The exhibition Body Stages: The Metamorphosis of Loïe Fuller, open from 7 February to 4 May, celebrates the work of this avant-garde artist through photographs, documents and films from European and American collections. The show also includes a new film production, a tribute to Fuller created by La Ribot in collaboration with Carles Santos.
Loïe Fuller was born in Fullersburg, Illinois (modern-day Hinsdale), in 1862 and died in Paris in 1928. A dancer, choreographer, lighting specialist, inventor of visual effects, art curator, filmmaker and businesswoman, she became a living legend at a very young age, working in both the United States and Europe. She had a tremendous influence on the artists and intellectuals of her day. Giacomo Balla, Marie Curie, Camille Flammarion, Toulouse-Lautrec, the Lumière brothers, Stéphane Mallarmé, George Mèlies, Kolomon Moser, Auguste Rodin, Arthur Symons and Paul Valéry all spoke of her with admiration.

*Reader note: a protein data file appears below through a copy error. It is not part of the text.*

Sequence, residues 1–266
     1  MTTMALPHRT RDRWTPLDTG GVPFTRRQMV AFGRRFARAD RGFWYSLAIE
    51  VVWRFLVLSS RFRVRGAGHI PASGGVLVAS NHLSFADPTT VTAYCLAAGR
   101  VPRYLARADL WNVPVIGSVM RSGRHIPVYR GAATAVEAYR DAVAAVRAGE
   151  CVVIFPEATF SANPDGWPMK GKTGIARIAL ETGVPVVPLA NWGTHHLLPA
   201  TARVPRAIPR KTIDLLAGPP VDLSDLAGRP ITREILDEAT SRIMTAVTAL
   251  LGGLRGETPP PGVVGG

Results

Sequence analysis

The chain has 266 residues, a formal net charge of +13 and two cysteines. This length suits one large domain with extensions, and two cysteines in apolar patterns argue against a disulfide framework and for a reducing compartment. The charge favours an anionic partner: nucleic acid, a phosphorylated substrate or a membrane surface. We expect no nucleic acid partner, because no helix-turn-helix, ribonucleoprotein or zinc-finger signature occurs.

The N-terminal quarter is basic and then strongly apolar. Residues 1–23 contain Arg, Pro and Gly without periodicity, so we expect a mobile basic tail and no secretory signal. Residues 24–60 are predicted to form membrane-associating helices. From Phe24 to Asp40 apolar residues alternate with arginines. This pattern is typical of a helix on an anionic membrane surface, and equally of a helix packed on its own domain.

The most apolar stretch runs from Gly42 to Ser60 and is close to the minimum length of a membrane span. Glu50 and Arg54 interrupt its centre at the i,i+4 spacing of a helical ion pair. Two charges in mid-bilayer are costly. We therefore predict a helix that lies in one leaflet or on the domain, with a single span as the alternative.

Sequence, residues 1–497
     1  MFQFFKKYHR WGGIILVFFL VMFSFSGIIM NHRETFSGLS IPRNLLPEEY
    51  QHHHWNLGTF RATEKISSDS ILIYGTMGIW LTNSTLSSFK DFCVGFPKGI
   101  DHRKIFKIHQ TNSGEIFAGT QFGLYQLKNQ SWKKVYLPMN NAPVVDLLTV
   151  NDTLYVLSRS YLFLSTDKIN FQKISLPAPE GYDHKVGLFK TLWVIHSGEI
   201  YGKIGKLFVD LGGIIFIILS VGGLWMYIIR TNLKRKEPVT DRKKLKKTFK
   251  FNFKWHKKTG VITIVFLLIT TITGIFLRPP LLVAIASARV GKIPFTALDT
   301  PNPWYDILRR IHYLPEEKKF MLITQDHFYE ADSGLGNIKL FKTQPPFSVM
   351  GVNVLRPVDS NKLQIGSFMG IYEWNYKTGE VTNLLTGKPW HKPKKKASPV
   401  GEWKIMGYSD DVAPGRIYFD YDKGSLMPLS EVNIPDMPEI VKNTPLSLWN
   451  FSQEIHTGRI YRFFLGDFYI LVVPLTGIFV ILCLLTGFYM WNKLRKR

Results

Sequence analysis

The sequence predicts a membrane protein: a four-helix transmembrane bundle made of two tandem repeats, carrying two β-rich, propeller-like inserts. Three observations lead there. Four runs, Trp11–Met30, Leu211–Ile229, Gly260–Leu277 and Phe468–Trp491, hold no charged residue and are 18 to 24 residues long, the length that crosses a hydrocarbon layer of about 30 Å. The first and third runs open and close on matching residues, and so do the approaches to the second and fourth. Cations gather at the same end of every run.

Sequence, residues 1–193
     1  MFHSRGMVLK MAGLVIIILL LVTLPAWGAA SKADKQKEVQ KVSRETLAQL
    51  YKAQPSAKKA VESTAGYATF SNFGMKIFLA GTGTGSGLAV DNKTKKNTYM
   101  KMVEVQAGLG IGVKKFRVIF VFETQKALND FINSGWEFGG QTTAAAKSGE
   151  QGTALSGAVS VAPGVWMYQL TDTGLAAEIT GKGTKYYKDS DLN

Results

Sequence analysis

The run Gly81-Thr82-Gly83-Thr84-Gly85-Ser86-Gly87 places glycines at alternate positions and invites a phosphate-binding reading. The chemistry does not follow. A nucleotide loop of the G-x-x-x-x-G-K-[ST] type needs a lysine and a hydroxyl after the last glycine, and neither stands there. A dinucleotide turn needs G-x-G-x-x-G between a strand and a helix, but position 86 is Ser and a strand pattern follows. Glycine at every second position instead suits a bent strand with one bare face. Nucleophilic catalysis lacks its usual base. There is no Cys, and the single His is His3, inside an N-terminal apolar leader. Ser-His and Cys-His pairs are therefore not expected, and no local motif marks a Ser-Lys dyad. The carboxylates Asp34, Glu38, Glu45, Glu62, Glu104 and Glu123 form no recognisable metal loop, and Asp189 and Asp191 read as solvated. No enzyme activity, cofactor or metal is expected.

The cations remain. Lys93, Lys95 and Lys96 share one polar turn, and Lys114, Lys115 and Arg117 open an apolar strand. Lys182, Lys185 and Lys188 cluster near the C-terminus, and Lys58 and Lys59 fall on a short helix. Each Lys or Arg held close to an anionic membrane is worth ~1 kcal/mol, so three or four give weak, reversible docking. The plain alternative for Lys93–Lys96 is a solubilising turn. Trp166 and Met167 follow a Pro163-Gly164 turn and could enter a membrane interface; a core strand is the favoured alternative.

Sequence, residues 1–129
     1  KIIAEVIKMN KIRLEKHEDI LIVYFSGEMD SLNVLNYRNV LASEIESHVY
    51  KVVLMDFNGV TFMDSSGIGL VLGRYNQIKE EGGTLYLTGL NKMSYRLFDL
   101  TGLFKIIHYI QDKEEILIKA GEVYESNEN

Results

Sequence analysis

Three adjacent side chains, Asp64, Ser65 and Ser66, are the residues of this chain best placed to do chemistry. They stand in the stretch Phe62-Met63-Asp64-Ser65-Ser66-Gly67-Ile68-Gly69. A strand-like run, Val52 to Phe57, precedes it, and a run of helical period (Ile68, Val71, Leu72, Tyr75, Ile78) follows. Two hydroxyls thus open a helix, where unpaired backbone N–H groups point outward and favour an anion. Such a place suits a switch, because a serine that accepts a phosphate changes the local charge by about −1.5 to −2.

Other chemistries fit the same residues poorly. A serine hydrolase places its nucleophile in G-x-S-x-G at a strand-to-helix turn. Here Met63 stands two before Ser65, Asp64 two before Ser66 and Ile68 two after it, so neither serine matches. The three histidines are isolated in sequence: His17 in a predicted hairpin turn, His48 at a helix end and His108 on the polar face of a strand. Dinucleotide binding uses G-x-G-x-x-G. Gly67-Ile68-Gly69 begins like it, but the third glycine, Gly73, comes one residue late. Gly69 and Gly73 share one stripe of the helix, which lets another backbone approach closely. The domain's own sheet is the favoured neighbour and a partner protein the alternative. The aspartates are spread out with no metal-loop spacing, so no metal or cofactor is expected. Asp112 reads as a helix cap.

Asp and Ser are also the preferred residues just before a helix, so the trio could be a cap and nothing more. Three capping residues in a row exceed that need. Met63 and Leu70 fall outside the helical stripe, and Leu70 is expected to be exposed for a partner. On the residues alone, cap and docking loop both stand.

From the very beginning of her career, Fuller demonstrated her ability to transcend the status quo. She introduced new techniques and applied scientific knowledge to the stage, registered patents and produced and managed shows that travelled round the world.
Fuller recognised the dynamic energy inherent to the space of performance and shattered all linear discourses that emerged on the stage. She combined the body in motion, the way light enveloped it, the space in which it moved, colour and the power of emotion with the purest form of expression, creating a new formula that transcended the ideas of her time and has come down to us still brimming with power and energy. Understanding and sharing the legacy of this "artist of artists" is therefore a challenge, inviting us to gain a deeper knowledge of contemporary art.